First spoke the ex law student: The sheriff’s department is absolutely right. Legally they can board any vessel they want whenever they want for any reason or no reason whatsoever. It is an unfortunate peculiar true fact of American law, which otherwise is very jealous of personal space vis a vis government searches, that the Fourth Amendment of the U.S. Constitution largely does not apply when you are aboard your boat. Partly this is a practical exception. Unlike a house or other building, a boat is very mobile and thus a potential source of all sorts of mischief, and it makes sense to give The Man some latitude with respect to searching them. More important, it is a universal time-honored maritime tradition. Historically, in all parts of the world, authorities have never needed to justify boarding vessels in their jurisdiction, which is why you have many more Fourth Amendment rights when riding in your car (an equally mobile and potentially useful criminal vehicle) than you do when sailing on your boat.
Sure, in an ideal universe authority figures boarding your boat would be sensitive to the fact that most people expect they still have rights while afloat. But as law enforcement officers, the sheriff’s deputies of Volusia County surely cannot be criticized for taking advantage of what legal powers they have. If you don’t like this feature of American law, you will gain nothing by complaining to your local sheriff. What you need to do is lobby Congress.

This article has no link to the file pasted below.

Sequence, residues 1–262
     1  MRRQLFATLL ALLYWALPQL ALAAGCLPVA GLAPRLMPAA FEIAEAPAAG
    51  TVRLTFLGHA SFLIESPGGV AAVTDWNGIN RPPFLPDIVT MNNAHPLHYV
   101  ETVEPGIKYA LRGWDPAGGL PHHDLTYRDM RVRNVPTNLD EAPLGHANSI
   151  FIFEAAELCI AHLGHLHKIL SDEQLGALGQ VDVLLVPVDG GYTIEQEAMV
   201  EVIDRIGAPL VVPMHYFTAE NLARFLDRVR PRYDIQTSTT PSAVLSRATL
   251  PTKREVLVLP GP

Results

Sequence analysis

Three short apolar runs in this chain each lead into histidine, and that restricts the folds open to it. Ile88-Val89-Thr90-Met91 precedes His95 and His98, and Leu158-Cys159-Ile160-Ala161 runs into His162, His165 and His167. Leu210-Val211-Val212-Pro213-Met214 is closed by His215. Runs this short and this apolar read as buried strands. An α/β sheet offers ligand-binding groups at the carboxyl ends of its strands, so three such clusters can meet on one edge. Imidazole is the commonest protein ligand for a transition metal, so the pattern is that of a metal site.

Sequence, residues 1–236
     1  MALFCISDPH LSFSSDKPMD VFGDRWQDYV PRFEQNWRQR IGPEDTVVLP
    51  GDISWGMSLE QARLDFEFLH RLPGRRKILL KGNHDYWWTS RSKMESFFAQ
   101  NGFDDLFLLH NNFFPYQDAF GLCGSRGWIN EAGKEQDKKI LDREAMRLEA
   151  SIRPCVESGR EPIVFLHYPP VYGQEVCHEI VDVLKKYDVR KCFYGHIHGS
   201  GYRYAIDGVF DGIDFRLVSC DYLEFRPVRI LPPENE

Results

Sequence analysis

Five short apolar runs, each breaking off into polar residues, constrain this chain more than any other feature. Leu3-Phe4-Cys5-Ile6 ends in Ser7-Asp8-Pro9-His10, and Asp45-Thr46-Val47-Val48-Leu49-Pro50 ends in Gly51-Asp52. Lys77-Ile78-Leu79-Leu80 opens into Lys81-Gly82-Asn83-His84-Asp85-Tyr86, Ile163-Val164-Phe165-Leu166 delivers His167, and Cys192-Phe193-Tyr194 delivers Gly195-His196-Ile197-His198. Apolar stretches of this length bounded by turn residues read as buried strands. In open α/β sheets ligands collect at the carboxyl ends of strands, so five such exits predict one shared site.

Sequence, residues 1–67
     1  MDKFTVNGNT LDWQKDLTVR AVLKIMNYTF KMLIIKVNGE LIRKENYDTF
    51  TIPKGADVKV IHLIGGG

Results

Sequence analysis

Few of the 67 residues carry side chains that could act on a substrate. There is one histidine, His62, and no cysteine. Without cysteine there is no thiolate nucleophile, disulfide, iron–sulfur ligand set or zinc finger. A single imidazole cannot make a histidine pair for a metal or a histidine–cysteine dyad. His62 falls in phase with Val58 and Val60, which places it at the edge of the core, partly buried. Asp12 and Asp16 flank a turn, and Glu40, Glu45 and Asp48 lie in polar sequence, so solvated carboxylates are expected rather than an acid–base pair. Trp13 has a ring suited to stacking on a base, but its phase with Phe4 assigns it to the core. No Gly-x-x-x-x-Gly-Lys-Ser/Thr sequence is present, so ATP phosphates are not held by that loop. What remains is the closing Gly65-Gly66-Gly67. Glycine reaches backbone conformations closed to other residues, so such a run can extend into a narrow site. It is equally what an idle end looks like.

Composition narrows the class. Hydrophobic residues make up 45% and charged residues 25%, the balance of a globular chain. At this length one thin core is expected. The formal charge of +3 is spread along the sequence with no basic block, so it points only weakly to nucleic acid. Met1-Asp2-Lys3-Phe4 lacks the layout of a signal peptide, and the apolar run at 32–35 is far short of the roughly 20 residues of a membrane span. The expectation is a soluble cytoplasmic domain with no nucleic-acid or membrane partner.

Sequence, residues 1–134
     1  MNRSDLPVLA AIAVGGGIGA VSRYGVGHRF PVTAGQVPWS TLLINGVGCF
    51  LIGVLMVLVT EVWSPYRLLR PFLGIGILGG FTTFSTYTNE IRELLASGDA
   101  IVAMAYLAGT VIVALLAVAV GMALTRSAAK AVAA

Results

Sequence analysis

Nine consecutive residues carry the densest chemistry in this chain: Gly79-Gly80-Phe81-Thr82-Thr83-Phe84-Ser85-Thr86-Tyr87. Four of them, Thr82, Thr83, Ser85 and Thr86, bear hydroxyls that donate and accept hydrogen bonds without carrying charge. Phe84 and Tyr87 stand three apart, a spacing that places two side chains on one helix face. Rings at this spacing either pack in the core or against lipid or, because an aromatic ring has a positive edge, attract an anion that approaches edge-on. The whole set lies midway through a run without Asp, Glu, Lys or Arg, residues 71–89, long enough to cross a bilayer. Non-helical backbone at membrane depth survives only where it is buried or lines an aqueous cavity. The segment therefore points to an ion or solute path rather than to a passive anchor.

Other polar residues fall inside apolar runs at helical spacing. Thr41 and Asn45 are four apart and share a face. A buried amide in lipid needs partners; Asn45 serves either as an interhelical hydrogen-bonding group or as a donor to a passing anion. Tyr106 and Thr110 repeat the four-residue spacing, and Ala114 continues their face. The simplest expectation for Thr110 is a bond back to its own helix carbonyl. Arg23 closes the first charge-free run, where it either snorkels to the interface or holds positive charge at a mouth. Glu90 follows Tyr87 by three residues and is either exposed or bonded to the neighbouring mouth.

As for the business of the drawn gun… the ex newspaper reporter in me (who once spent much time hanging out with and teasing info out of cops) understood the sheriff’s POV precisely.
Here’s a hot tip from one who knows: anytime you are detained by law enforcement, for whatever reason, never do anything that might let them think for an instant that you are trying to access a weapon. They are very paranoid about this. Quite rightly, cops in our fair nation of very heavily armed citizenry live in constant mortal fear of having people pull guns on them.
If you understand this, you can get away with all kinds of things. For instance, I constantly drive around at very high speed and am often pulled over by the police. But I never get tickets. WHY? Because when they’re walking up to the car to talk to me, I put my hands on my head and keep them there until they can see the interior of my car. Only then do I reach for my wallet. That and a lot of “yes sir I’m sorry sir” answers to what they have to say to me gets me off with a warning every single time.
Given all this, however, the thing that still really ticks me off about the incident in question is that all this sturm and drang was over a freaking federal toilet law that does nothing useful to protect the environment and may in fact increase pollution overall. If you read through the comments on the Waterway Guide board, you’ll see one seemingly savvy fellow asserts that Volusia County is just milking the federal law to extract some extra local revenue from transient cruisers.
This, frankly, seems quite likely to me.
At some point in the future, I promise, I will let the ex law student bloviate at length on federal toilet laws. And then for sure we’ll see some s**t hitting the fan.